Publications

Emotionally augmented mental models, connectivity and beaver reintroduction in Southwest England

Blewett, Andrew; Jacobs, Maarten; Kok, Kasper; Jones, Natalie A.; Ogle, Sharron; Huijbens, Edward

Summary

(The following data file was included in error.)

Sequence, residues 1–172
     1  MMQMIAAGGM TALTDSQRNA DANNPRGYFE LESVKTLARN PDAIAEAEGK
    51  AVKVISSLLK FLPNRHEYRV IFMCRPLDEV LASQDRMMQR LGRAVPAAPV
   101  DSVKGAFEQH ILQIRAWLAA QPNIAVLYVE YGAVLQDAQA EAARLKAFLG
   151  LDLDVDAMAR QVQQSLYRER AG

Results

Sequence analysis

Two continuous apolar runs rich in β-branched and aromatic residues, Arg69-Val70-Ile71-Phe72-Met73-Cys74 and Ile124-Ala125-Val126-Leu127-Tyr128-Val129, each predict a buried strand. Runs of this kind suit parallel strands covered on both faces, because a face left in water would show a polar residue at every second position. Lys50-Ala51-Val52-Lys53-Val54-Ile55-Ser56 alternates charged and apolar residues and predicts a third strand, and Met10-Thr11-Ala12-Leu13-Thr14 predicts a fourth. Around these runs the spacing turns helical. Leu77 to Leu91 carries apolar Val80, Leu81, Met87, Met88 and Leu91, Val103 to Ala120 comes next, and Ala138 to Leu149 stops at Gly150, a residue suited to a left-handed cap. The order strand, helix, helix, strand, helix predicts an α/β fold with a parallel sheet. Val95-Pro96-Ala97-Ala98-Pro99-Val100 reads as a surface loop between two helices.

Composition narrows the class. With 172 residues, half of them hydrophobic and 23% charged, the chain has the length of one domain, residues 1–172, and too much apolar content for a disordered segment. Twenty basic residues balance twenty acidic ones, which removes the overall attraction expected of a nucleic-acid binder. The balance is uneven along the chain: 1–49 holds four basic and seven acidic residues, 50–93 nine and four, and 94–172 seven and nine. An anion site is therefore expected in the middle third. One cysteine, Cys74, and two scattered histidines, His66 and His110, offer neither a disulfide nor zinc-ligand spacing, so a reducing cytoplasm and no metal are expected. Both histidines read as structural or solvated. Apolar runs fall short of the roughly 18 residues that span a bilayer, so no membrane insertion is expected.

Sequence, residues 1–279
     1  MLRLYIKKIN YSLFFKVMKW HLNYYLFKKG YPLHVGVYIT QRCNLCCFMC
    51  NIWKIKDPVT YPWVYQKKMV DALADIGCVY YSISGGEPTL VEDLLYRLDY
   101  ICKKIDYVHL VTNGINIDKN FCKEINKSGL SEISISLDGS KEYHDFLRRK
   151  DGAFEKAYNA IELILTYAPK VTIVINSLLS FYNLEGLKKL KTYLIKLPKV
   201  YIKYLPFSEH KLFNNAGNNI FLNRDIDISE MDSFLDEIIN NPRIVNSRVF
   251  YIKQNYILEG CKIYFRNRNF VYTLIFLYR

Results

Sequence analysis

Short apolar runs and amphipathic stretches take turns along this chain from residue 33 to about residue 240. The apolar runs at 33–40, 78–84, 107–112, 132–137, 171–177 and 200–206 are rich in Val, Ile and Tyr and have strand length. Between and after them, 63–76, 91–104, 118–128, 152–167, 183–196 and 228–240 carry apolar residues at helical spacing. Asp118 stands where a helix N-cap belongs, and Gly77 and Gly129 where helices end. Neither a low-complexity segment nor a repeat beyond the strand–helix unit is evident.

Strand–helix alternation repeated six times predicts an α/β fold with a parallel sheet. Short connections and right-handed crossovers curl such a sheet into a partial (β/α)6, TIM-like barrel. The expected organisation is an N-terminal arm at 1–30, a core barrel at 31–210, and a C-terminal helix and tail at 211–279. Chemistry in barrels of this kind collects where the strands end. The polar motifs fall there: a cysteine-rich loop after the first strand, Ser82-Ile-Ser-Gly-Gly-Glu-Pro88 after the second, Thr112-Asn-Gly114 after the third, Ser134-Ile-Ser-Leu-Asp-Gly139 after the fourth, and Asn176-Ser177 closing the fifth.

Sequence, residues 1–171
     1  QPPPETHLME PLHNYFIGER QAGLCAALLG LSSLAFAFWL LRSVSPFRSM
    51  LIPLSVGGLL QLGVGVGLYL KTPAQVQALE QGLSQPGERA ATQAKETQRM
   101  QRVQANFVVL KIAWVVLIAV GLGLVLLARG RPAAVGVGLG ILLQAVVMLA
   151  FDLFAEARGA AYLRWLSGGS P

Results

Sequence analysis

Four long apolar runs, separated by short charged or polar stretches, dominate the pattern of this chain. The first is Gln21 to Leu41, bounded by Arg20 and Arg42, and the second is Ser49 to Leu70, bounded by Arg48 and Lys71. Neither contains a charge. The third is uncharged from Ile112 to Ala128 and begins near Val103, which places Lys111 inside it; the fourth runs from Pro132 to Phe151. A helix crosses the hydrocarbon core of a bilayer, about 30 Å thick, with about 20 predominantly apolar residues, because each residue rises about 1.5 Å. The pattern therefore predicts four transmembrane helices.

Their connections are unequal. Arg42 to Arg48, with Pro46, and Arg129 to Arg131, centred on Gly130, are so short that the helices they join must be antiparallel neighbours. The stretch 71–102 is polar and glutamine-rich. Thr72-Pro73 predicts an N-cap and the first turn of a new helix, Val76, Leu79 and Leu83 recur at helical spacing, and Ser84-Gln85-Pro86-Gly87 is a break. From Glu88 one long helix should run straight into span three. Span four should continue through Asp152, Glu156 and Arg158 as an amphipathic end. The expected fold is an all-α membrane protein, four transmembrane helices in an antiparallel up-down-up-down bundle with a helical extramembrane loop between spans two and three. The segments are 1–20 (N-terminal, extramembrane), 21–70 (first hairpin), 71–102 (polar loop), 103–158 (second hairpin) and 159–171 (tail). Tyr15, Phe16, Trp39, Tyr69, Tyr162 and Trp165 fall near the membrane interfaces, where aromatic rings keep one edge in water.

Understanding the psychology of human-wildlife interactions has grown beyond cognitive frameworks to include appreciation of roles played by emotion in human responses to wildlife. From its beginnings as an essentially cognitively framed proposition, mental modeling has been shown readily applicable to representing and interpreting stakeholder perspectives on combined social and natural systems, but lacks an integrated approach to emotion. This is an important knowledge gap. To commence an investigation into the relationship focused on the requirements of wildlife conservation, we carried out a case study of perspectives toward a free-living Eurasian beaver (Castor fiber) reintroduction in Southwest England, ecologically significant as a generator of highvalue wetland habitat while interacting strongly with local human interests. Using fuzzy cognitive mapping techniques, we report predictive relationships between model measurements and subjective emotional valence elicited in relation to stakeholder conceptual content. Significant interactions were identified between three measures of concept connective influence within mental models and associated emotional valence intensity: single model concept connective salience, aggregated model concept connective salience, and aggregated model predictive inferences made by dynamic analysis. A possible explanation for these findings is outlined in which we propose that criteria-based evaluations suggested by appraisal theory of emotion are sensitive to the strength and distribution of connective influences within mental models. Apart from its theoretical significance, the evidence presented in this paper highlights the importance of attending to conservation stakeholder emotional experiences, and may assist in new approaches to mitigation where conservation objectives require human adjustment.